“Why am I attracted to someone so superficial?” wonders even-tempered Aaron Lambert (Noah Wylie) about his growing feelings for aspiring actress Maggie Chase (Tanna Frederick) halfway through Henry Jaglom’s Queen of the Lot. Add to Aaron’s dismissive descriptor flighty, self-obsessed, gratingly cheerful, and fixated on celebrity to the point of mania (Maggie tells him without irony that her goal in life is to have more Google hits than Angelina Jolie) and you have a fair character sketch of the redheaded ingénue whose biggest success to date is the appropriately named Red Wrecker trilogy of B-action films. Of course, Aaron suspects there’s another side to this would-be “Queen of the Lot” (Maggie’s description of Norma Shearer while watching the credit sequence from The Women) and to a degree there is. In a more serious moment, the actress comes clean about her addiction (more to fame than alcohol it seems), her insecurities over both her body image and her Iowa farm-town upbringing and even hints at a past sexual incident involving her brother.
But mostly Maggie is the eternal adolescent, full of shrill pronouncements of “Oh my God” at any mention of media exposure, jumping at the chance to engage with the paparazzi, and generally seeming too stupid for anyone to take seriously. Co-opting claims of having created an insufferable lead character, Jaglom includes a meta moment in which Maggie uncovers a quote from real-life Boston Globe critic Ty Burr that describes a recent performance of hers as “the most irritating performance of the year.” Apply that assessment to Frederick’s efforts and you might be on to something.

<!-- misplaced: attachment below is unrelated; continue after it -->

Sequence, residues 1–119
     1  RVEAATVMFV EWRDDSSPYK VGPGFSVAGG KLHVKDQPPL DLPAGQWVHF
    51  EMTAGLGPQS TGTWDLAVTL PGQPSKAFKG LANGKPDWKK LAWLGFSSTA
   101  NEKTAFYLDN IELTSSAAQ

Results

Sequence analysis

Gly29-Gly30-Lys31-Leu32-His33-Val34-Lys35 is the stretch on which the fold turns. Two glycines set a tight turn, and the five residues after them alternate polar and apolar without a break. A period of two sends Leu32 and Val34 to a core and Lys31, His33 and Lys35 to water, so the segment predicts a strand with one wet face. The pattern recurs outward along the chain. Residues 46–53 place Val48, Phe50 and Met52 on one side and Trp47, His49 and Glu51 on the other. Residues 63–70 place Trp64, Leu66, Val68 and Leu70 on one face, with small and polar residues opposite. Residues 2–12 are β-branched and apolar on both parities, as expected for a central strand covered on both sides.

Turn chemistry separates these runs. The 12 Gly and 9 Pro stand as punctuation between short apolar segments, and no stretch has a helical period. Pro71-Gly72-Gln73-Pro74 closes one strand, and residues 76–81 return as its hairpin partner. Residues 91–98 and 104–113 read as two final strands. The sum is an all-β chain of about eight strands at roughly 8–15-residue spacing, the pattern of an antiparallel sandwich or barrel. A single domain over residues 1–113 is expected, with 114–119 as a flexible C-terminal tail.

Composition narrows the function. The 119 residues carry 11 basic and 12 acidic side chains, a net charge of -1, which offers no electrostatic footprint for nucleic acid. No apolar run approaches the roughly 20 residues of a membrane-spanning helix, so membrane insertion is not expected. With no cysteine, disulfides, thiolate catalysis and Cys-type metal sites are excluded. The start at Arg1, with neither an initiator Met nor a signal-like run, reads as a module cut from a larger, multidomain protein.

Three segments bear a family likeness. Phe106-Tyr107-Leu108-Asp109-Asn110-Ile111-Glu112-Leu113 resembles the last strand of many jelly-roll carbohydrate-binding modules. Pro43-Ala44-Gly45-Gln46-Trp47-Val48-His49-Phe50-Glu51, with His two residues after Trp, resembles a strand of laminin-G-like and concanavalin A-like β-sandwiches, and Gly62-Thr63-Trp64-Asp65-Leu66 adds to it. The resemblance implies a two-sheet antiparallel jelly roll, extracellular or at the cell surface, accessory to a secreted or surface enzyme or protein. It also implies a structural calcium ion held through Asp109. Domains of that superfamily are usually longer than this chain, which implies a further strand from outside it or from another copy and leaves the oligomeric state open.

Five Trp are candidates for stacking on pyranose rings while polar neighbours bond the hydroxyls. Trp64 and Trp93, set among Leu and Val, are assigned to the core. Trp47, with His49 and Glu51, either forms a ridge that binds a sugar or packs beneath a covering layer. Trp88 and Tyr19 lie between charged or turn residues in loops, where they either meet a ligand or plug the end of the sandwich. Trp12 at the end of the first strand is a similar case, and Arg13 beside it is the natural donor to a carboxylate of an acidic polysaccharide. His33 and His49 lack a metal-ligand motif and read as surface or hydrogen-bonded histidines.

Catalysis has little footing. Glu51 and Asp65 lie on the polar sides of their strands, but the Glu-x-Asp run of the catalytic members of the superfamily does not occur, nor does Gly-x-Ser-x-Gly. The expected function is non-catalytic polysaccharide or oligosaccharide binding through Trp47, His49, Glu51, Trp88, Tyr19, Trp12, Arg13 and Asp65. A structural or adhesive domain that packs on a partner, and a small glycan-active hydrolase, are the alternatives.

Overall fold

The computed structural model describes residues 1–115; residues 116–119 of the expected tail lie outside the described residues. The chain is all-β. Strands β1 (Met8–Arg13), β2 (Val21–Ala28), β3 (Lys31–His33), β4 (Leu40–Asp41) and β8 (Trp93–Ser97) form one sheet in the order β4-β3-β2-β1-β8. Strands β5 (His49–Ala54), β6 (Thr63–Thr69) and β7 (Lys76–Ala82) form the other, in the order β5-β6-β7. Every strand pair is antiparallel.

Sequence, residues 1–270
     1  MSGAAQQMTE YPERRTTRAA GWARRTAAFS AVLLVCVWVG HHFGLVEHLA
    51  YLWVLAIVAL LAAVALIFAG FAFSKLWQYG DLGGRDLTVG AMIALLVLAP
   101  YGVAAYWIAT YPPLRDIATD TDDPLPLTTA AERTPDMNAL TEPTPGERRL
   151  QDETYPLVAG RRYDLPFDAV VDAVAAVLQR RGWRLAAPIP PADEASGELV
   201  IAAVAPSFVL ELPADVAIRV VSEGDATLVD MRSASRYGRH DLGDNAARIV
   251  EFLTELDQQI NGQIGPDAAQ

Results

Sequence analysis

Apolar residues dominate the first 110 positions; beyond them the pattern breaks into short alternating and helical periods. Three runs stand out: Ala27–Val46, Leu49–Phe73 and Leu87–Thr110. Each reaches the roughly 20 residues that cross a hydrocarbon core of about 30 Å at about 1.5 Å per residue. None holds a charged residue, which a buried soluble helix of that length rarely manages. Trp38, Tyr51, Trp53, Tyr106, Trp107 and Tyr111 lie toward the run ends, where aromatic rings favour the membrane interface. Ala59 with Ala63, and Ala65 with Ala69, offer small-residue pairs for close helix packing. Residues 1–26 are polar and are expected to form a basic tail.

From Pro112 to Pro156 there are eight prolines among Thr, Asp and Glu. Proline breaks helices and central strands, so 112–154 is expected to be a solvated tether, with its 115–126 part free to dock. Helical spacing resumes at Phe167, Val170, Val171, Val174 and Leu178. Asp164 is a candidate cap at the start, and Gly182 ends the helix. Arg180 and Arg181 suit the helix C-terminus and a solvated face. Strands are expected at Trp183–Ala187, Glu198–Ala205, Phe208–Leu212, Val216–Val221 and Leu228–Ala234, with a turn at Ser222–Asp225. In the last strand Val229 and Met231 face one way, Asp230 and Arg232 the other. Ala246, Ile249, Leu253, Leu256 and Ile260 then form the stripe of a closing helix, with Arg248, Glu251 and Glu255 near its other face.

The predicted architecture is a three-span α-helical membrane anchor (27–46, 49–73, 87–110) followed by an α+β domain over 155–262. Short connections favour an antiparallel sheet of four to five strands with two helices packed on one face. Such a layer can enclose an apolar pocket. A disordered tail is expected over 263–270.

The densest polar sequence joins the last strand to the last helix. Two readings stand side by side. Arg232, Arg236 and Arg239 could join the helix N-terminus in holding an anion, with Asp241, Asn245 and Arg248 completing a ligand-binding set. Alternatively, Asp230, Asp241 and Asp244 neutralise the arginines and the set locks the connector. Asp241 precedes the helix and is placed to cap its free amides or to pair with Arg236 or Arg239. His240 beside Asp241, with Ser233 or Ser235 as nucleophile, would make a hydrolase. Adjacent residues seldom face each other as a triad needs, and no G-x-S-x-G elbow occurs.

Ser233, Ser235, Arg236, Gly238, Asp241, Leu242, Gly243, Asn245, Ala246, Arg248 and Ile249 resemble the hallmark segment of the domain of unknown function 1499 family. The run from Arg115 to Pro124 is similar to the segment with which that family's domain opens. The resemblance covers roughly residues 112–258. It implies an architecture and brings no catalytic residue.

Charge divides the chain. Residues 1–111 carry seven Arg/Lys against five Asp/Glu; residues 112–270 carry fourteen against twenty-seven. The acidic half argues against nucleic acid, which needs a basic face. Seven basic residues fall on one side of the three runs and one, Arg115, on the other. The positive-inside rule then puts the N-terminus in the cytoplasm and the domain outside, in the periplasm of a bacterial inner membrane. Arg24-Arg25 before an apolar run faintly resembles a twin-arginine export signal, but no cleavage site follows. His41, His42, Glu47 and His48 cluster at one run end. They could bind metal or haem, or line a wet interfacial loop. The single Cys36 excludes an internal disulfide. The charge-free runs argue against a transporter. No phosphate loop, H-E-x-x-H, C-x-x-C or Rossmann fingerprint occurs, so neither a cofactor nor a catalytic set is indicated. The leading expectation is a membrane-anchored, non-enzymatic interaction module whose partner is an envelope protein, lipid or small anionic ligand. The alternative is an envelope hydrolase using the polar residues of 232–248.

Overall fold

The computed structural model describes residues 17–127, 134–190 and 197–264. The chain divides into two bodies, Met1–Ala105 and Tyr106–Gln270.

Of course, placing an unpalatable character at the center of your work doesn’t necessarily result in a bad movie. Putting an unconvincing character whose contradictions seem more scattershot hysterics than coherent personality in that place is another matter. Surrounding the character with too many supporting players and wedging in too many subplots doesn’t help either. Under house arrest for her second DUI, and loving the attention it brings, Maggie comes to stay with Dov Lambert’s (Christopher Rydell)—her married boyfriend and Aaron’s brother—extended clan of powerful producers, actors, and writers at their palatial Hollywood mansion, which naturally triggers the alarm on her ankle bracelet, a plot inconvenience easily enough dispensed with.
Cross-cutting back and forth between different groups of characters, exploring the surroundings with his trademark array of measured zooms and pans, Jaglom takes in an array of movieland types, some of whom lead only to bad satire (Maggie’s “life coach” with her ridiculous mental and physical exercises), others triggering parallel narratives involving the family’s sudden economic woes or Maggie’s boyfriend’s gambling problem. This last subplot, which unfolds in predictable enough fashion, comes to take over a disproportionate chunk of the film, vying with the rom-com plotting in which Maggie’s affections switch from Dov to Aaron, for screen time.
But not all the stories are so dull. Stealing the show as—what else?—an uncompromising film director, Peter Bogdanovich, sporting his trademark neck scarf, angrily refuses the Lambert patriarch’s insistent demands that he remake Trouble in Paradise. “You can’t re-do Lubitsch,” he insists, before launching into a priceless anecdote about the great German-American director, related to him, as he explains in savory detail, by the late Jack Benny.